Museum of Modern Art – rekindling a love affair

By Cressida Smart

Last week, I rekindled an old love, one I met four years ago. The moment I first laid my eyes upon all its glory, I knew I was struck. There was nothing that quite compared in London nor in fact anywhere I had visited. When I returned last Wednesday, I wondered if my feelings would be the same or if perhaps I had moved on. As I walked through the revolving glass door on East 53rd between 5th and 6th avenue, I looked up. The sun bounced off the white gleaming walls that reached high. I inhaled and knew my feelings hadn’t changed. I fell in love with the Museum of Modern Art and my ties with it were as strong as ever. I relished the prospect of exploring this beauty once again. Read more of this post

This week on the web

By Josh Cowls

Welcome to this week’s collection of internet must-reads.

1. After a week of ruminations and negotiations over the US’s debt ceiling, James Surowiecki, author of The Wisdom of Crowds, explains why the procedure is anachronistic and unnecessary:

The only reason we need to lift the debt ceiling, after all, is to pay for spending that Congress has already authorized. If the debt ceiling isn’t raised, we’ll face an absurd scenario in which Congress will have ordered the President to execute two laws that are flatly at odds with each other. Read more of this post

Norway shooting: a resurgence in violence amongst extreme right-wing groups?

By Anca Voinea

Even though the meaning of the term has been variously re-interpreted with every historical era, terrorism continues to define an act of violence which aims to create a sense of vulnerability within a large population. According to Rapoport’s classification, there are four types of terrorist organizations currently operating around the world, categorized mainly by their source of motivation: left-wing terrorists, right-wing terrorists, ethno nationalist or separatist terrorists, and religious or “sacred” terrorists. Read more of this post

England vs India, First Test Match Report

By Angus Bromhead

Monday morning’s long snaking queues through St John’s Wood of the like only seen at film premiers shows that cricket is not a dying sport. The atmosphere at the start of the 5th and final day was electric, the game in the balance as the crowds surged into Lord’s. A stubborn England had the final day to take India’s remaining nine wickets. Tens of thousands of office workers surreptitiously listened to Test Mach Special or attempted to catch glimpses of the score. The long anticipated first Test in this series has not disappointed. Both teams fighting for dominance displayed flashes of brilliance in a game which was full of surprises. Read more of this post

The Twelfth Man: Westminster satire

By Matthew Richardson

So summer is here at last. Bar the extra day of debate, the red-box of office can be safely stowed away in the attic and the sandal-wearing, drink-in-hand joy of summer in the constituency can begin at last. Joy to the world, and all that. Read more of this post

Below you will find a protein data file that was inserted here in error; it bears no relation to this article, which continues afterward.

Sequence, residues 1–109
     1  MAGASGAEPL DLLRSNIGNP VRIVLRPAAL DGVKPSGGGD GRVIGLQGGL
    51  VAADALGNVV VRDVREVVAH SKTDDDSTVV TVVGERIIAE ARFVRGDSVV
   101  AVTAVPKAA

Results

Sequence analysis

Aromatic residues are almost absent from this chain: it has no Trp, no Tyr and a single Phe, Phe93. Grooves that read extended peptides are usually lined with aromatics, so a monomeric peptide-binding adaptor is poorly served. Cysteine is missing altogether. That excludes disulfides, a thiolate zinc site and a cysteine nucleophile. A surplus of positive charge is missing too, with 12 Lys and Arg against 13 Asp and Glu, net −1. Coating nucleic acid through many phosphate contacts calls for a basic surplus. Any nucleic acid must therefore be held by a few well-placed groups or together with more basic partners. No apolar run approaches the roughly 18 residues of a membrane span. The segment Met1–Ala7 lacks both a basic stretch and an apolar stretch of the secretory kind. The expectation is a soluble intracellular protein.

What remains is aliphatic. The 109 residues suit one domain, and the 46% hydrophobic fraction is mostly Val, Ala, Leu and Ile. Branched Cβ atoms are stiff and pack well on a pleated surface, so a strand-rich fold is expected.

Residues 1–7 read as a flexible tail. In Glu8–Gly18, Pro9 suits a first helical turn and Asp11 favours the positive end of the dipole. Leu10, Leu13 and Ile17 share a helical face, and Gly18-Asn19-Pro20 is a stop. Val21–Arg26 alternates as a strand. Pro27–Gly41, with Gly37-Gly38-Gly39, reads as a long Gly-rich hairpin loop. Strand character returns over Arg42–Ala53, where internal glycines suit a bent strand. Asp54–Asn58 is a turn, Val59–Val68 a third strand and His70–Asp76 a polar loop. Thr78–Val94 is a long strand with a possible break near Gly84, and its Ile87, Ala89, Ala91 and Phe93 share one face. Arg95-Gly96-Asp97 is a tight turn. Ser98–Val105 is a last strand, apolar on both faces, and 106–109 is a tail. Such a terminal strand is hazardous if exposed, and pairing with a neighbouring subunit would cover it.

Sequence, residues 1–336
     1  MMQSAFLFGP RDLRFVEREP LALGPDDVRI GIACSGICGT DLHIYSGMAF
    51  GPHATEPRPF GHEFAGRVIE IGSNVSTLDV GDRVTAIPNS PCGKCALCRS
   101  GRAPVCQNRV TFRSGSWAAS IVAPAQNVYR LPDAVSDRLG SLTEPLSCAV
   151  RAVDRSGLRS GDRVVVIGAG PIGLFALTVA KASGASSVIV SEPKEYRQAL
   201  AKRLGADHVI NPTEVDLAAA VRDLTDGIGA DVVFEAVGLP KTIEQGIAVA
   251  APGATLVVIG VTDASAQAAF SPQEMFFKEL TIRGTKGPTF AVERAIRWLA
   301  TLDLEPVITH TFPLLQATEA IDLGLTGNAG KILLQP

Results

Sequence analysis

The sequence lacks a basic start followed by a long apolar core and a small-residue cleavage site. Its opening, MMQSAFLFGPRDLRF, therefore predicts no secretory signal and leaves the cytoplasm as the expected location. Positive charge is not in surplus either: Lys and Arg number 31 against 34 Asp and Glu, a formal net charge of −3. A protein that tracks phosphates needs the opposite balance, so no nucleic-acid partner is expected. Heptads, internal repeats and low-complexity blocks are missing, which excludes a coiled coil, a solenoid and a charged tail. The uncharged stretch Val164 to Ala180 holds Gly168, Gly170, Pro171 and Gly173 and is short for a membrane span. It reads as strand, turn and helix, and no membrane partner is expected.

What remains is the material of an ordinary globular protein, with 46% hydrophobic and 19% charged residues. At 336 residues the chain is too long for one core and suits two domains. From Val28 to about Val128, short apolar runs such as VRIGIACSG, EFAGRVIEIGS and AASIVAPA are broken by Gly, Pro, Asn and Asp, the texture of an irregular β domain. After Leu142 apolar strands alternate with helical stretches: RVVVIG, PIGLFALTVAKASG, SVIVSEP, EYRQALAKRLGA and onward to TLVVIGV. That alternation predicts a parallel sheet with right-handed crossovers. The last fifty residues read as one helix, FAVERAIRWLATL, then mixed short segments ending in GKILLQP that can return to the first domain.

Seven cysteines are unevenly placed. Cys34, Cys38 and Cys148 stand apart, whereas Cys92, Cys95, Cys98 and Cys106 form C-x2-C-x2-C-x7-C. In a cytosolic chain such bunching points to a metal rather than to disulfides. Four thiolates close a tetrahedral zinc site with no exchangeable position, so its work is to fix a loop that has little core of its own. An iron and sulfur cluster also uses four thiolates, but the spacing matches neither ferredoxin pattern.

The political stalemate in the debt ceiling crisis

By Alexander Bryan

On Monday night, President Obama and House Speaker John Boehner both took to the airwaves and put forward their explanations of the debt crisis. The simple fact that the two figures most important in resolving this dispute were in separate buildings blaming each other rather than in one room trying to find a solution is perhaps indicative of the intense partisanship which has engulfed Washington, described by President Obama as ‘a town where compromise has become a dirty word’. Read more of this post

Bush 9/11 Speech: ‘ a great people defend a great nation’

By Chris McCarthy

A great people has been moved to defend a great nation.

President George W. Bush, 11 September 2001

Historic speeches are commonly preceded by great events: Churchill’s wartime rallies; Kennedy’s American University address at the height of the Cold War; Reagan’s Challenger disaster eulogy. These unique moments present a window of opportunity for public figures to reassure their constituents, rebuke the enemy or lead their audience in mourning. Every speech has an agenda, some of which are determined by the events that spark them. Read more of this post

Lucian Freud – master of realism

By Cressida Smart

“I paint people not because of what they are like, not exactly in spite of what they are like, but how they happen to be.” Lucian Freud

Yesterday, I learnt that Lucian Freud, the British painter, had died. William Acquavella, Freud’s worldwide dealer, based in New York, said, “My family and I mourn Lucian Freud not only as one of the great painters of the twentieth century but also as a very dear friend”. Read more of this post

Love and Longing in Bombay by Vikram Chandra book review

By Emma Brooks

So far I have only read one Indian novel, The White Tiger, which I quite enjoyed. I’ve obviously been aware of the world of Indian literature for a while, my mother and grandmother both being fans, but I had never really been tempted by the novels. Now, as an array of them sit on my bookshelf I’ve finally taken the plunge and am quite enjoying it. So, my latest read is Love and Longing in Bombay by Vikram Chandra. Read more of this post

New ‘Apprentice’ Format? You’re Hired!

By Emma Jones

This year’s ‘The Apprentice’ was a misnomer. It should really have been called ‘The Young, Subordinate Business Partner’.

Its eventual winner, Tom Pellereau from London, used Sunday night’s final to propose a flawed but characteristically personal business plan. His dream: to invent a chair (aka ‘a sitting device’) that would solve the world’s back problems, saving businesses and the economy millions in lost work hours every year. Lord Sugar pledged to put £250,000 into this business plan, which he claimed simply needed ‘tweaking’. Read more of this post


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